Sen. Sheldon Whitehouse, D-R.I., speaks during a Senate Judiciary Committee hearing in September 2017.
Ever since President Trump and the GOP enacted their gargantuan tax cut, Democrats have done a pretty good job of highlighting how the plan disproportionately benefits the wealthiest few, how it sets the table for future cuts to the federal safety net, and how corporations’ newfound savings have generated more than $200 billion in stock buybacks and minimal increases in worker pay.
But they haven’t done a good job of articulating an affirmative tax policy agenda of their own—let alone whether they even intend to push for a “repeal and replace” of the cuts, should they regain any semblance of political power.
Earlier this month, Washington Post reporter David Weigel asked New York Representative Joe Crowley, who is part of the Democratic House Leadership team, whether the party would run in 2018 on repealing the tax cuts. He hedged, talking about how Americans want to “restore balance” to the political system. When Weigel pressed him, Crowley said, "Democrats are for creating economic security for the American people. We're not in favor of putting the country further out of balance."
That’s that kind of political waffling that has muddied the Democratic response to the tax cuts. But on Tuesday, two Democrats—Rhode Island Senator Sheldon Whitehouse and Texas Representative Lloyd Doggett—put some substance behind the party’s oppositional messaging by introducing the No Tax Breaks for Outsourcing Act. While Trump campaigned on his “America First” message, promising to stop corporations from sending good jobs abroad, the tax bill he signed into law actually incentives companies to set up shop—and stash profits—overseas. Of all the campaign promises that Trump abandoned via the tax law, this one is perhaps the most egregious.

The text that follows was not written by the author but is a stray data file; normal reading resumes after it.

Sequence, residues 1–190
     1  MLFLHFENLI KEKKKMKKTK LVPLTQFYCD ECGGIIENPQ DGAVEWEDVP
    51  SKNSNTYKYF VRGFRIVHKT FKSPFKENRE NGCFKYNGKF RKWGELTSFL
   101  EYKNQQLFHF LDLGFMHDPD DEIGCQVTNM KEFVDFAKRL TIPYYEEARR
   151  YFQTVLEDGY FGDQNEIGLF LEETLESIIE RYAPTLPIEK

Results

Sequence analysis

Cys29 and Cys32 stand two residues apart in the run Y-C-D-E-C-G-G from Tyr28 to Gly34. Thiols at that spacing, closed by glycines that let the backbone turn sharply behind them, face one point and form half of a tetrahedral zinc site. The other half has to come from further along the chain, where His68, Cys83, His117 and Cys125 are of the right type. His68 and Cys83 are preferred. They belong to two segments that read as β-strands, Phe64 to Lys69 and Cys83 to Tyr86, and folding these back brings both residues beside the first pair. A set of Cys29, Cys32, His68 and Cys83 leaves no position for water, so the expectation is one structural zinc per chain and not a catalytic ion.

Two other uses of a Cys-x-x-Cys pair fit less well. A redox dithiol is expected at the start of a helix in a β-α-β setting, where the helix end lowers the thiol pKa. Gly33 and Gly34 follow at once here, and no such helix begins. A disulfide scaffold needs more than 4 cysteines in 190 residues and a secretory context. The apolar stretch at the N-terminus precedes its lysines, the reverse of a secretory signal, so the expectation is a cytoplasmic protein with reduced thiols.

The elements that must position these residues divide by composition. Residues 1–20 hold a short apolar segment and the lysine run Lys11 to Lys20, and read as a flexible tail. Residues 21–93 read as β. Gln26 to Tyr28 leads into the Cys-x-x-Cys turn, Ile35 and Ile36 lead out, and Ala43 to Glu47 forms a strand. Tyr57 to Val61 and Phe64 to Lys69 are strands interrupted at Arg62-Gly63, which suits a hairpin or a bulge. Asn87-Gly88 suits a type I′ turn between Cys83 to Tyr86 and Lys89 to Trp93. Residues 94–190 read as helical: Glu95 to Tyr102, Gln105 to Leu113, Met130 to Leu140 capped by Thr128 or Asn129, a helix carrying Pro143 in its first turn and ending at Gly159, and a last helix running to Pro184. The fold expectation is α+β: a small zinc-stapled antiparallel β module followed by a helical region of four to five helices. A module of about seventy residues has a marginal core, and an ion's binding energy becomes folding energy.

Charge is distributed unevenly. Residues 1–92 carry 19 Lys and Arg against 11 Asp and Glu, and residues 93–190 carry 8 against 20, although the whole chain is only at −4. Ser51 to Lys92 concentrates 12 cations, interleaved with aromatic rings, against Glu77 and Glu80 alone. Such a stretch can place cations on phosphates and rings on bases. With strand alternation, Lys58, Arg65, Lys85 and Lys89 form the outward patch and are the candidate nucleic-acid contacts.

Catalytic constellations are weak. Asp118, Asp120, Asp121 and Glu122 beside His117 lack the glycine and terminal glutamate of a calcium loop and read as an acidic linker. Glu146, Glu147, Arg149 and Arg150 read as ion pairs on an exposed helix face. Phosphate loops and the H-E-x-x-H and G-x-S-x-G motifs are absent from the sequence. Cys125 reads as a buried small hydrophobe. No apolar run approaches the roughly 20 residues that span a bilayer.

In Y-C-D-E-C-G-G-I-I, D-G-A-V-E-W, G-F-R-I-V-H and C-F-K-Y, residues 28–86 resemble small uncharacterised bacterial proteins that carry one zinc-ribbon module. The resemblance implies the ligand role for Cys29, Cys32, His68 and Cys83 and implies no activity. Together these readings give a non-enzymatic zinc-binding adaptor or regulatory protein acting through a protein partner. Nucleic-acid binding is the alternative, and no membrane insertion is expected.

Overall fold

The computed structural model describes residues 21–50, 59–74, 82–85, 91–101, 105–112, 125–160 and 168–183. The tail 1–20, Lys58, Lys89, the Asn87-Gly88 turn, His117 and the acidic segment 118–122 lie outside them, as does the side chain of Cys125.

The new law established a lower 10.5 percent tax rate—half the domestic corporate rate—on the income that American corporations earn abroad. As Kimberly Clausing, a tax policy expert at Reed College, told The New York Times, “It’s sort of an America-last tax policy. We are basically saying that if you earn in the U.S., you pay X, and if you earn abroad, you pay X divided by two.” On top of that, American companies do not have to pay U.S. taxes on any profits earned from factories and equipment that is overseas, so long as such profits remain below a certain threshold of overall international investment. Critics say this could spark a new wave of offshored jobs.
The new Democratic bill aims to fix those skewed incentives by equaling out the corporate tax rates for both domestic and foreign profits, repealing the incentives to set up operations abroad, and cracking down on corporate inversions as a tool for international tax evasion.
“President Trump promised the American people he’d end the march of jobs and profits overseas. Instead, he’s doled out massive new tax breaks that reward offshoring,” Senator Whitehouse said in a statement. “Our bill would prohibit multinational corporations from exploiting the loopholes opened by President Trump’s so-called ‘tax reform.’ Those big corporations have profited long enough from special tax breaks—now we need a tax code that’s fair to small businesses and middle-class workers.”
The Whitehouse-Doggett bill has already drawn the support of a broad array of progressive advocacy and labor groups. Beyond that, it’s unlikely that the bill will go anywhere. Altering the tax treatment of foreign-earned profits has long been a top Republican priority. But when it comes to Democrats clearly articulating how they plan to undo the damage done by the Trump tax cuts, and how they plan to talk about the issue in the fall campaign, the bill is at least a step in the right direction.